Internet safety for kids: Top five tips to protect your children online The internet is not always suitable for kids – here's a guide to keeping them safe.


Children are 'digital natives' – but parents need to protect them on the webiStock


It's increasingly difficult to stay ahead of the curve when it comes to technology, especially when you are a parent trying to keep your children safe as they grow up immersed in this digital world. Cybercrime, grooming, sexting, social media — where to start?

Research released for 2017's Safer Internet Day in the UK revealed that one in five children surveyed had been bullied with online images or videos. Additionally, roughly 70% of kids had seen images and videos "not suitable for their age" while surfing the web.
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To help parents feel confident their children are safe and protected when they're online here's a practical list of how to keep children safe when online:

Use free filtering technology/safe modes. Most online services these days come with privacy or safe modes built-in, it's important to switch them on for your child. Filtering tech can block harmful websites, age-restricted games, forums, chatrooms and anything else you choose. Some applications can do everything from create weekly reports for you about browsing to log the keystrokes on a device. The extent of the control needed is up to you but beware – if you come on too strict you will likely be met with rebellion.

Monitor your child's internet history for every device they use. You don't have to be the police state in the house, instead, make a point of checking the internet search history at the end of the day to make everything viewed is satisfactory. This is easiest if you create your child a dedicated account on a home computer or device. Note, they may learn how to delete their own records, so like most options you have this is not a full-proof choice.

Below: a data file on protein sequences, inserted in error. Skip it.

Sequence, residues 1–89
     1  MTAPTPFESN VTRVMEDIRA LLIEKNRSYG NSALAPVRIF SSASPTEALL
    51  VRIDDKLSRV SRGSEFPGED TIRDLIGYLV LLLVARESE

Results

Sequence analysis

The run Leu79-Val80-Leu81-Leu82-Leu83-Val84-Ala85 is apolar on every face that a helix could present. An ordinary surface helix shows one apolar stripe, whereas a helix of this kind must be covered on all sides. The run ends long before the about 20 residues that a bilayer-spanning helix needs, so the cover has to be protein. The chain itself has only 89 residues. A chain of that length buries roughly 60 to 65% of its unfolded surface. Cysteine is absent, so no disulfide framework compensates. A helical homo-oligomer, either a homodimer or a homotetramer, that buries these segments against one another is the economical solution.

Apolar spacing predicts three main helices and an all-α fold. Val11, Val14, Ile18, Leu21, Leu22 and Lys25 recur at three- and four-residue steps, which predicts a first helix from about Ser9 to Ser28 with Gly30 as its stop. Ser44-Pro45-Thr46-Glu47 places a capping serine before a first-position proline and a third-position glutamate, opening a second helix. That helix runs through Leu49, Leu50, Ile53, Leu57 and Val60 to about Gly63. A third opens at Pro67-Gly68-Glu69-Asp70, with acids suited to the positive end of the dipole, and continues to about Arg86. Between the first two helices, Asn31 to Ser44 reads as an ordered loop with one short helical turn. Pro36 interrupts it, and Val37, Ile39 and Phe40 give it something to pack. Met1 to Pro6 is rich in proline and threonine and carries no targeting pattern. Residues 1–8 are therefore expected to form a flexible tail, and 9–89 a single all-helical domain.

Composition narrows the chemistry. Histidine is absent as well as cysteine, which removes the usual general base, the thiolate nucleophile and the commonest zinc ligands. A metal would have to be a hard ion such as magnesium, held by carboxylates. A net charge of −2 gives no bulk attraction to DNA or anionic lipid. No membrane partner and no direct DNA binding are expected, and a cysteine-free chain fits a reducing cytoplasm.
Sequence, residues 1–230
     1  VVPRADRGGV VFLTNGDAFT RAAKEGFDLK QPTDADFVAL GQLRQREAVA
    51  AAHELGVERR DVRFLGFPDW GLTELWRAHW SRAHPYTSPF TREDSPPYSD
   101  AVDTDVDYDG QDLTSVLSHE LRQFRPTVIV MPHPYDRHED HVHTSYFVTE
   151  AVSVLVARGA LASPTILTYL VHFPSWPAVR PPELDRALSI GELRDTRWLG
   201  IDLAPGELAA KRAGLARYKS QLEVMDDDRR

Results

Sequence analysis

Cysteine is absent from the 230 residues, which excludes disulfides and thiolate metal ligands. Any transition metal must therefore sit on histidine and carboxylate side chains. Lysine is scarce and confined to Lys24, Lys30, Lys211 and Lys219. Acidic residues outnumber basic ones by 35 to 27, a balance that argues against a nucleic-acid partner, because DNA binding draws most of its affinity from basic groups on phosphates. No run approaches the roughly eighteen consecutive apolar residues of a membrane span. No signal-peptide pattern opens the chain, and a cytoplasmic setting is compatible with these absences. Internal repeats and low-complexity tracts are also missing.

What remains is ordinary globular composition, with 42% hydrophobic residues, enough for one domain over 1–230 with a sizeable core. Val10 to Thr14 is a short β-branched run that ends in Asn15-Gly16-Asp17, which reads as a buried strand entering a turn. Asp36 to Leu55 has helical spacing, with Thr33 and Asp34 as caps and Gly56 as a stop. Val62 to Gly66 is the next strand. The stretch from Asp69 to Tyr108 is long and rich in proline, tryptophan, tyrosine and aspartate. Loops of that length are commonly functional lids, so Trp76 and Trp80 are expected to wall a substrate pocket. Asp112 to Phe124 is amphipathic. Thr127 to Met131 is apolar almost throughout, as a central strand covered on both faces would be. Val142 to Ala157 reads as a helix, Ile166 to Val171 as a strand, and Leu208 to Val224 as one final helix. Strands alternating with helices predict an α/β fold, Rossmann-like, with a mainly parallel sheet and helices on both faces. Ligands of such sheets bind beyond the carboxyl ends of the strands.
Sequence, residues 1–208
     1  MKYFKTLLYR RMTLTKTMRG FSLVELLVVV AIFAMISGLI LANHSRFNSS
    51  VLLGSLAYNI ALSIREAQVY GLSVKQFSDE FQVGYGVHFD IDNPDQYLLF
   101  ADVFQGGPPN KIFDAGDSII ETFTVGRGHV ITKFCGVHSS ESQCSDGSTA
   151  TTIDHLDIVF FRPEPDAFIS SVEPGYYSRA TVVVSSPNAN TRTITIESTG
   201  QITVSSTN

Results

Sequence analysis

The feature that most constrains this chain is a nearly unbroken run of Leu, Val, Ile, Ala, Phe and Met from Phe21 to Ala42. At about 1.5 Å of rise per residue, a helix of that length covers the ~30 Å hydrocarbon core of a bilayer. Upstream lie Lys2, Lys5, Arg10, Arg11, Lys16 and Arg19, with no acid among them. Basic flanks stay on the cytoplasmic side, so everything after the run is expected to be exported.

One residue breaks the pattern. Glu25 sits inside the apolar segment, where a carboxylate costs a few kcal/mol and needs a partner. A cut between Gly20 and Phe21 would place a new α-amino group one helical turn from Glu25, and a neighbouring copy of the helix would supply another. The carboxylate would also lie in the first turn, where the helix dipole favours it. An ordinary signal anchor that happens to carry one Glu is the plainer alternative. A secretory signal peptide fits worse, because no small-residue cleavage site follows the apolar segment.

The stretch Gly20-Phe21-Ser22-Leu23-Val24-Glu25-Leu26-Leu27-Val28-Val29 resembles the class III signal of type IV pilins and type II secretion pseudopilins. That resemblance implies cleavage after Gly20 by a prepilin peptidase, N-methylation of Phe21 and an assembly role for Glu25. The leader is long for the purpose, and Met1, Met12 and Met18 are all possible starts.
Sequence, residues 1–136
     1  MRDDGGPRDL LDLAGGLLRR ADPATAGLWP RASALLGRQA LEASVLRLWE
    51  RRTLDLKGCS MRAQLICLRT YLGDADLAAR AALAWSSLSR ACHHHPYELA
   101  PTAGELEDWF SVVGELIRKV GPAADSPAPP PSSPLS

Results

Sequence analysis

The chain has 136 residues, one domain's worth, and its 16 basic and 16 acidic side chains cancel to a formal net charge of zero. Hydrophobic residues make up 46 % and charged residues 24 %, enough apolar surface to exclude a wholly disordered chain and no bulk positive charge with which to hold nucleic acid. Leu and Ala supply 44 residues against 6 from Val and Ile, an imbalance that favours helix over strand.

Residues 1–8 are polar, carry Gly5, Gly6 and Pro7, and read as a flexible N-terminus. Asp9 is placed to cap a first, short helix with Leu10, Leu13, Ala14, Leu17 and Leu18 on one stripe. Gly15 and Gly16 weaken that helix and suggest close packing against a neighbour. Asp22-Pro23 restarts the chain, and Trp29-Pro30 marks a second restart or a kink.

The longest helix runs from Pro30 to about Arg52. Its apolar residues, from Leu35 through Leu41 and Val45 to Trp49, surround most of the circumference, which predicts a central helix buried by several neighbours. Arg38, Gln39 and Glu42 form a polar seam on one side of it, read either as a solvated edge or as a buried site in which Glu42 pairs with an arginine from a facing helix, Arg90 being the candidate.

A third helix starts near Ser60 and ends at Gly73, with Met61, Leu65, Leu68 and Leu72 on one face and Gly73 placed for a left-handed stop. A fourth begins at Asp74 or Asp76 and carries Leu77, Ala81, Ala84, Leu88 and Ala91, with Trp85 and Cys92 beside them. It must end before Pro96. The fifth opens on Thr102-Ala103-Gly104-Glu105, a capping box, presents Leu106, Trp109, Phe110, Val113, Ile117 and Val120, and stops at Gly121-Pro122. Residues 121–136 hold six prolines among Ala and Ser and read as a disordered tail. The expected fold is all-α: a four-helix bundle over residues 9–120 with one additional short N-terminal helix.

Only let your child on computers or devices where you can see them. This will largely depend on the age of your child, but for the young ones it is advised to only let them use a computer, smartphone or tablet in a place where it can be monitored by an adult. When used alongside web filtering this can be an effective method of keeping an eye on what is being searched for, viewed or watched on the web.The internet can be fun, but is not always suitable for kidsiStock

Talk about the internet and be open about what's out there. On the internet a 50-year-old man can pose as a 15-year-old girl, chatrooms can be used for grooming and personal information is given away at the click of a mouse. Yet it is also a place for discovery, a tool to help with homework and a way to learn more about the world. Parents and children need to communicate and talk about what the internet is, what is isn't, and how to recognise the more lurid aspects of it.

Know your child is probably smarter than you when it comes to the internet. Parents, when growing up you had VHS, cassette tapes and dial up. In comparison, your kids have Snapchat, Facebook, virtual reality, streaming services and online gaming. They have grown up in a world of touchscreens and data plans, a world where content is free and personal information means little. The world has changed, and you are likely behind the times. Don't accept it, just be aware of it. The key in all this is not to rely on technology to solve your problems, but use it as a compliment to good old-fashioned education.

"It is fair to say that in 2017 the internet is powered by images and videos. This can magnify the risks and pressures that young people face, while also offering new opportunities for self-expression and creativity," said Will Gardner, a director of the UK Safer Internet Centre.

"This Safer Internet Day young people around the UK are uniting to inspire a better internet. We need to harness this enthusiasm and empower them to 'be the change' and use the power of image to help create a better internet."

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